After being mired in a billion dollar accounting fraud scandal that forced it into Chapter 11 bankruptcy protection, Adelphia Communications is putting the finishing touches on a reemergence plan that includes the sale of most of its assets to competitors Time Warner and Comcast.

  • January 13, 2006

    Telco's Chapter 11 Filing Ignites SEC Ire

    A bankrupt telecom company has come under fire from the U.S. Securities and Exchange Commission over its proposed liquidation plan, which regulators see as a time bomb for setting off a stock manipulation scheme.

  • January 13, 2006

    Varig Pays $56M To Keep Planes

    The financial troubles consuming the airline industry are not confined to the U.S. Brazilian airline Viacao Aerea Rio-Grandense SA, which has been operating under bankruptcy protection since June, has paid $56 million to avoid surrendering half of its planes.

  • January 13, 2006

    NY Governor Candidate Implicated In School Bankruptcy

    A now-defunct Kentucky college that owes over $3 million in loans taken out by its former chief executive should not be liquidated, according to a Kentucky bank, because the sale of all the school’s assets would still not be enough to pay back the borrowed money.

  • January 13, 2006

    Northwest Pilots Approve Pension Freeze

    In a calculated move, pilots for embattled Northwest Airlines Corp. agreed to freeze their pensions this week rather than wait for a federal bailout that could ultimately result in lower payouts.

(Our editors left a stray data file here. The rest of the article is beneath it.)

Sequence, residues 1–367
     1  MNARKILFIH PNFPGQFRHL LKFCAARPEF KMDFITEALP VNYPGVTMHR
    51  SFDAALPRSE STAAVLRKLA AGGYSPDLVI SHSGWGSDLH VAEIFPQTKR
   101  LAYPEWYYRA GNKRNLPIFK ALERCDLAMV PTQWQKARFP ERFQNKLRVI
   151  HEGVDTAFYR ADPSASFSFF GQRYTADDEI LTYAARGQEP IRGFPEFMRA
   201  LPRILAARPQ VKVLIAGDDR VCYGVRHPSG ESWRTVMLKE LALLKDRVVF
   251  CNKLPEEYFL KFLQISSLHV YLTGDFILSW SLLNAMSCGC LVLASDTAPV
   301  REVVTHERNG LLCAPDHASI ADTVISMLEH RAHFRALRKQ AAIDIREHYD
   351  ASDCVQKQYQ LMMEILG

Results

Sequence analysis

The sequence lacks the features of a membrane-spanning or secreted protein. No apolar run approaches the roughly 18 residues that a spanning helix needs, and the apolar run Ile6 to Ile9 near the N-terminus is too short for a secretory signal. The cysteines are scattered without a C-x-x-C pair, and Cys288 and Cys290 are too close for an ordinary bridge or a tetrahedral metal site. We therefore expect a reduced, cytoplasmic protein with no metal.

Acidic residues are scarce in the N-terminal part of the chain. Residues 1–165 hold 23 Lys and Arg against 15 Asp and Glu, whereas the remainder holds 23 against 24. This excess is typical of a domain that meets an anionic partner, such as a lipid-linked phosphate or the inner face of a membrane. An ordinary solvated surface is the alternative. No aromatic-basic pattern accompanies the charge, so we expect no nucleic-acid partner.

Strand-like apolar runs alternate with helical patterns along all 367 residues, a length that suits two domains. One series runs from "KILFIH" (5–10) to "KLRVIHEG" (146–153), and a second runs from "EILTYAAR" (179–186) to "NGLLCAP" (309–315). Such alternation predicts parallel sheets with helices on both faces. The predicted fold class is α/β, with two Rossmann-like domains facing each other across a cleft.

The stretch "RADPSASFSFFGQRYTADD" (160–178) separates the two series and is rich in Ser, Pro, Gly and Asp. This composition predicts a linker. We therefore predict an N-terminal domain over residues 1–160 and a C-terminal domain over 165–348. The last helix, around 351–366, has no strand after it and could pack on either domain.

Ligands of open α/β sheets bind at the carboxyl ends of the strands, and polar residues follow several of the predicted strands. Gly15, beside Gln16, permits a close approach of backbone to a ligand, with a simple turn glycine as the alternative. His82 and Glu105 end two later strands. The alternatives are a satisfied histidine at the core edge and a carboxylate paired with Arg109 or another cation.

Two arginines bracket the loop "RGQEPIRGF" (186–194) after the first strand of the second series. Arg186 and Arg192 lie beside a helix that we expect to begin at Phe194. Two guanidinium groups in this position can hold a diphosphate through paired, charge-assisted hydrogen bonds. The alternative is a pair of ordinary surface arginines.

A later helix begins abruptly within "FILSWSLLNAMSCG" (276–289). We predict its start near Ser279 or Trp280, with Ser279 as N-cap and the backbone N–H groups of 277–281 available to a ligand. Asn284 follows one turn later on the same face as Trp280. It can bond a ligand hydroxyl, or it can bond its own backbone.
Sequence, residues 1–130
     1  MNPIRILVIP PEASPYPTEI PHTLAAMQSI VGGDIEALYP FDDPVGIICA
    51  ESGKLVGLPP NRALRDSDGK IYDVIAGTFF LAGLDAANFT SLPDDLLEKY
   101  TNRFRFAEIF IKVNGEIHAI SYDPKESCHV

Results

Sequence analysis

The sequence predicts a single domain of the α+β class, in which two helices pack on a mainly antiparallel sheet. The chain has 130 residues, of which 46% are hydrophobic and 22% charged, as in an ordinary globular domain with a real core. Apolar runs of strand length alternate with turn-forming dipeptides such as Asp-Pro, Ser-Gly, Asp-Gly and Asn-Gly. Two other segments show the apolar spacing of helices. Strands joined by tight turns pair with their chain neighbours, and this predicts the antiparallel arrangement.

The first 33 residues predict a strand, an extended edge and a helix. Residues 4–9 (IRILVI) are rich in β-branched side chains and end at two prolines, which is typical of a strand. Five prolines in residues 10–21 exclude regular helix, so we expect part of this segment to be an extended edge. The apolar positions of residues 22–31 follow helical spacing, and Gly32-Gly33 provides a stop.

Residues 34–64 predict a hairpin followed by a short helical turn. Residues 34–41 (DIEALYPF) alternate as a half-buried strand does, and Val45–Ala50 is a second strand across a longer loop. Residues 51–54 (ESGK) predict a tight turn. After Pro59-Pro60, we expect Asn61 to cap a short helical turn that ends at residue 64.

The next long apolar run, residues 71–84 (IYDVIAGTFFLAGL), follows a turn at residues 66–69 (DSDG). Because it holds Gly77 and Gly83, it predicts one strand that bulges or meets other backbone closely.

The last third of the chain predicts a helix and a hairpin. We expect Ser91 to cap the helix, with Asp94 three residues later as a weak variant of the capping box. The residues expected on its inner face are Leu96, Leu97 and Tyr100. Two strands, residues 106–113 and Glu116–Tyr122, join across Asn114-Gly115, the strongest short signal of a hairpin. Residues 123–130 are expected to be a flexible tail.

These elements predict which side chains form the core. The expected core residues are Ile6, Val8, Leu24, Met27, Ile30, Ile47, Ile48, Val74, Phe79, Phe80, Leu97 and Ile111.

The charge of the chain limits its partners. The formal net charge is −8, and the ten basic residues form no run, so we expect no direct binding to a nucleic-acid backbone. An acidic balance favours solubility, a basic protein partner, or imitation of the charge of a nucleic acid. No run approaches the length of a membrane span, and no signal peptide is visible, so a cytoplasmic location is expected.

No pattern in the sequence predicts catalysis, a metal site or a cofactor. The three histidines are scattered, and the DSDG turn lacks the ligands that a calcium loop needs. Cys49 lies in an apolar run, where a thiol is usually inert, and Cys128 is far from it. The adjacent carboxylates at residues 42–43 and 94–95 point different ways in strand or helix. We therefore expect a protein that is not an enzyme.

• January 13, 2006

    Controversial Judge In Delta Bankruptcy Replaced

    The judge overseeing bankruptcy proceedings for Delta Air Lines Inc. has been permanently replaced after initially taking a two-month medical leave. Representatives of the number-three carrier, as well as the court, say the development would not delay the case.

  • January 12, 2006

    Analyst Suggests BA Consider U.S.-Style Bankruptcy

    British Airways PLC should follow the lead of U.S. carriers and file for bankruptcy to erase the heavy pension burden its new management is battling, a top risk management and consulting firm has proposed.

  • January 12, 2006

    United Settles With Creditors, Despite Union Resistance

    Bankrupt United Airlines Corp. and its unsecured creditors committee have settled their dispute over the company’s reorganization plan, which has been attacked by both a flight attendants union and a retired pilots union one week before the bankruptcy hearing was scheduled to begin.

  • January 12, 2006

    Delphi, Pension Funds At War Over Exec Subpoenas

    Auto parts maker Delphi Corp. has lashed out at a group of pension funds who have subpoenaed four former Delphi executives in the company’s pending bankruptcy case. The funds have asked that the officials discuss the alleged accounting fraud that crippled the company.

  • January 12, 2006

    Enron Judge Limits Questions On Energy Crisis

    Jurors in the upcoming trial of Enron executives Ken Lay and Jeffrey Skilling will hear only limited testimony about the company's role in the California energy crisis of 2001, and lurid tales of pornography use and extramarital affairs won't be admissible at all, a federal judge ruled Thursday.